Professional Development

The best recruiters for music programs are our current students. When re­taining music students from middle and elementary schools, look to high school students to help because they serve as the best public relations for the program. These student leaders are role models and can make an immediate and impactful impression on younger students.
In the blog post, How Trumpeter Sean Jones Gets Respect, Jones recounts how he started performing as a child through church. Today, he teaches his students more than just the fundamentals of performance; he also stresses that professionalism will help students secure gigs and succeed in their musical careers. Here are some ways that educators can encourage professionalism with their students.
Some educators command attention with a booming voice and a larger-than-life presence. Sean Jones employs a completely different tactic that is equally — and probably more — effective. He teaches with a soft voice and an unassuming demeanor. But the acclaimed jazz trumpeter and music educator instantly gains his students' respect. How? "[I] lead by example," he says.
Try to fit these eight recommendations into every rehearsal. If you keep things moving, it's amazing how much you can accomplish during a 45-minute class.
The ultimate goal for beginning band students is the devel­op­ment of skills and under­standing that enable the student to experience musical artistry. Marguerite Wilder's innovative, game-filled approach to teaching fundamentals help set students on a strong path toward success.
Dr. Emily Threinen is director of bands and associate professor of music at University of Minnesota. She consistently works with composers, arrangers and performing artists of varied disciplines. Residencies and projects with composers and new compositions are integral to her creative work. She is an active and in-demand guest conductor, clinician, conference presenter and performer.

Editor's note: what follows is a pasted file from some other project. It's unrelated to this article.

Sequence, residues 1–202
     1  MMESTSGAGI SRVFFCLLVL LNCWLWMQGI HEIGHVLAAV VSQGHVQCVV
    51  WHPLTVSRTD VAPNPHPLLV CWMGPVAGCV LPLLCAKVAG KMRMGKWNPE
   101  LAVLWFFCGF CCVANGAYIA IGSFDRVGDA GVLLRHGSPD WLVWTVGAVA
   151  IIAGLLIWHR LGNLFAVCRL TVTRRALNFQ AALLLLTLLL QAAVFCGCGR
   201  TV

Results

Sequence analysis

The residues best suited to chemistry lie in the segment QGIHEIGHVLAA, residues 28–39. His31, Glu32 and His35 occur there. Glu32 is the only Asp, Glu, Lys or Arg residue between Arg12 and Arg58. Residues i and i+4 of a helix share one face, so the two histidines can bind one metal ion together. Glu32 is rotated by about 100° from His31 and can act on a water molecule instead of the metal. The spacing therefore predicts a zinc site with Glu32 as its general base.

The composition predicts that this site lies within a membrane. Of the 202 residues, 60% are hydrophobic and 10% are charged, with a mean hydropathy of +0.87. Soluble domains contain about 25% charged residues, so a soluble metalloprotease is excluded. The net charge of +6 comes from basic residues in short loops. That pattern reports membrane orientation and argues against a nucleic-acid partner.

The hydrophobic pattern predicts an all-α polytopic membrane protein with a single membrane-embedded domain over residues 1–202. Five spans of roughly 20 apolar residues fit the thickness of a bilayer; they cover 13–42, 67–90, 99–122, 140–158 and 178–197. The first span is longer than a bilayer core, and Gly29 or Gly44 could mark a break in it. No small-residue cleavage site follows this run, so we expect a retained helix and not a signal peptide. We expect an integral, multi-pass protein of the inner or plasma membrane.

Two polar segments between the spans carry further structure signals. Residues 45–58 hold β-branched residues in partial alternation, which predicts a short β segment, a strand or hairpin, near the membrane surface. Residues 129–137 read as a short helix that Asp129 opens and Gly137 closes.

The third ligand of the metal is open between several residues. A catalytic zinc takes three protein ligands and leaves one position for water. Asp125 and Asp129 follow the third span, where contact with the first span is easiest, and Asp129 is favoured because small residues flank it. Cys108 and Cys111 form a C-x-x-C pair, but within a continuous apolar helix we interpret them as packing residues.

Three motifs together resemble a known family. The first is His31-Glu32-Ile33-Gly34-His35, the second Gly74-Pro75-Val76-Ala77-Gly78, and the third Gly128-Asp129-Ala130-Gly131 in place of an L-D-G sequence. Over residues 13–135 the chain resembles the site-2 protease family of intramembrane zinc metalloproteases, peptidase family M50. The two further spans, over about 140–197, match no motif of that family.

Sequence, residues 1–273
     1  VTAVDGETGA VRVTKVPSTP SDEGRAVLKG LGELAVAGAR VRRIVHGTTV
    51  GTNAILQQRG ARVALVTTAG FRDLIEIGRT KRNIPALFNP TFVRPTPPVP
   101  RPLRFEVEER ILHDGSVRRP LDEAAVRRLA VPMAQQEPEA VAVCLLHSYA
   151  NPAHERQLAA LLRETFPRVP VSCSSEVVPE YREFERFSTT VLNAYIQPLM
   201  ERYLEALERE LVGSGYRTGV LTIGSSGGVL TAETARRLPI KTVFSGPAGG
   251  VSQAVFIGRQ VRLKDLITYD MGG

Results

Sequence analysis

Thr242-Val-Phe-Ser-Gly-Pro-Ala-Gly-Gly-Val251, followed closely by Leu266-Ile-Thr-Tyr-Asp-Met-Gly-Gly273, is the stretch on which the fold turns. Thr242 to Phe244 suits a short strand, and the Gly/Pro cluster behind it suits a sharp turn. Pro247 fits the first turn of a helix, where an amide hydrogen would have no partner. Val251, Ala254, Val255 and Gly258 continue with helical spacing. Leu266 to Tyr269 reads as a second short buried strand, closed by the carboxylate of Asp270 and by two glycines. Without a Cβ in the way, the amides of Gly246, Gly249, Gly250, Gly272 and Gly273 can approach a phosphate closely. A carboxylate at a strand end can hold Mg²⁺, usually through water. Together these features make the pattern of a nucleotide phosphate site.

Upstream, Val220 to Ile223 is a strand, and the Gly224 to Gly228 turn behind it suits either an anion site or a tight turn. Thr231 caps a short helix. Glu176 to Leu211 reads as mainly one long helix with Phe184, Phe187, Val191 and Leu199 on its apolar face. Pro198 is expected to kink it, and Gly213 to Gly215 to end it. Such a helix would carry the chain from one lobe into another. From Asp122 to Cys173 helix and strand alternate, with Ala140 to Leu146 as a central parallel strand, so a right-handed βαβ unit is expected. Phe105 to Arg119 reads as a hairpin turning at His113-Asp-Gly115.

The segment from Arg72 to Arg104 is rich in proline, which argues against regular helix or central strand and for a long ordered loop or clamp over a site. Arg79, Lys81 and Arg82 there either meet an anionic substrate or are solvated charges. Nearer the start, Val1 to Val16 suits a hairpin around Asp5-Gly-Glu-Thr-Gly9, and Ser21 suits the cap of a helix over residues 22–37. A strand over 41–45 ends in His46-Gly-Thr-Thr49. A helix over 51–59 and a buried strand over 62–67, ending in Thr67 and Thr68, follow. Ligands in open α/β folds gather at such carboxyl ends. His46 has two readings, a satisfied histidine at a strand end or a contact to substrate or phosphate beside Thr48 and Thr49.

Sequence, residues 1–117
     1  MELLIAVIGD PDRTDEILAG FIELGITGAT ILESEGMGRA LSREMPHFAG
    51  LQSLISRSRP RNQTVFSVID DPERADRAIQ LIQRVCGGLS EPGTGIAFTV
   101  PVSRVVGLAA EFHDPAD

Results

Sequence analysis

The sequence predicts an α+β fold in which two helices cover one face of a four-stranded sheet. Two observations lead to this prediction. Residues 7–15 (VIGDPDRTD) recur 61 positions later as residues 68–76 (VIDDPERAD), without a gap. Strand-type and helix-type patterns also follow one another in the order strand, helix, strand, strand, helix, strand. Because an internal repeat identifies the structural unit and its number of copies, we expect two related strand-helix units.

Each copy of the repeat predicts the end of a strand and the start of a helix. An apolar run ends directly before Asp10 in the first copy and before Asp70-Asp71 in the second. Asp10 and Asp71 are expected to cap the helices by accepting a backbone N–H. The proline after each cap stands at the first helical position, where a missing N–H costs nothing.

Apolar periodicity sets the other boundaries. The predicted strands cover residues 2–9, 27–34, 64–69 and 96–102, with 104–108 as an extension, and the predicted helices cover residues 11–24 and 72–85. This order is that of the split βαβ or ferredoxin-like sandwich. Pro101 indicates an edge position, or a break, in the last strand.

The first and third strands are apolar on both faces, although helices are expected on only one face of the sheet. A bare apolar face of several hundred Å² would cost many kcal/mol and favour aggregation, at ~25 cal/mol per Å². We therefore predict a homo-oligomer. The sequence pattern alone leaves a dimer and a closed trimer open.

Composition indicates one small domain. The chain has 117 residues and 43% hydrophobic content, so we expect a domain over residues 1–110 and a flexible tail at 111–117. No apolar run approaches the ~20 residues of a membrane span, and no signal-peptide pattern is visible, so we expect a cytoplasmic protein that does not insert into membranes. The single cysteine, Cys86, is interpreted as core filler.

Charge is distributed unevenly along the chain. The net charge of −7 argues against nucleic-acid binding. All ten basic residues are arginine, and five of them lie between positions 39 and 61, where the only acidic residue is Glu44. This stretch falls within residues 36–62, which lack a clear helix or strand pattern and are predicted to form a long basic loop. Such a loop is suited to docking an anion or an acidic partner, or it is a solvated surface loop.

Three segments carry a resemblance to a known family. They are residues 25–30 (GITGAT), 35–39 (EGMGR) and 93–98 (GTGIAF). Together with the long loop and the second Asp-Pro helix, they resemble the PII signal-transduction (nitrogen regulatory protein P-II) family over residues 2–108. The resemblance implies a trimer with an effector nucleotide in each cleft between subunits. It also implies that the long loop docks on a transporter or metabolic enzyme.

Dr. Kevin Sedatole is director of bands, professor of music and chair of the conducting area at Michigan State University. He serves as administrator of the entire band program at Michigan State University, totaling over 700 students, which includes the wind symphony, symphony band, concert band, chamber winds, campus bands, Spartan Marching Band and Spartan Brass.
Dynamic, energetic, exciting — these are the words used to describe Marcia Neel, one of the most knowledgeable professionals in the field of music education today. This began years ago when she was a secondary music educator whose ensembles were known for consistent quality and attention to artistic detail.
With a broad and diverse arsenal of experiences spanning over five decades, Anthony Maiello's enthusiasm for teaching music is nothing short of contagious. Having taught instrumental music education from the grade-school level through the university doctoral level, both in the United States and aboard, his experiences give him a unique view and approach to teaching and making music.
A multi-faceted artist, Gary Lewis has done it all — from jazz performance and marching band, to musical theater and opera, to arranging for a variety of genres, as well as entrepreneurial efforts such as establishing a contemporary music festival. With such diverse experiences, Lewis lives his belief that music serves as "the thread that connects us all."

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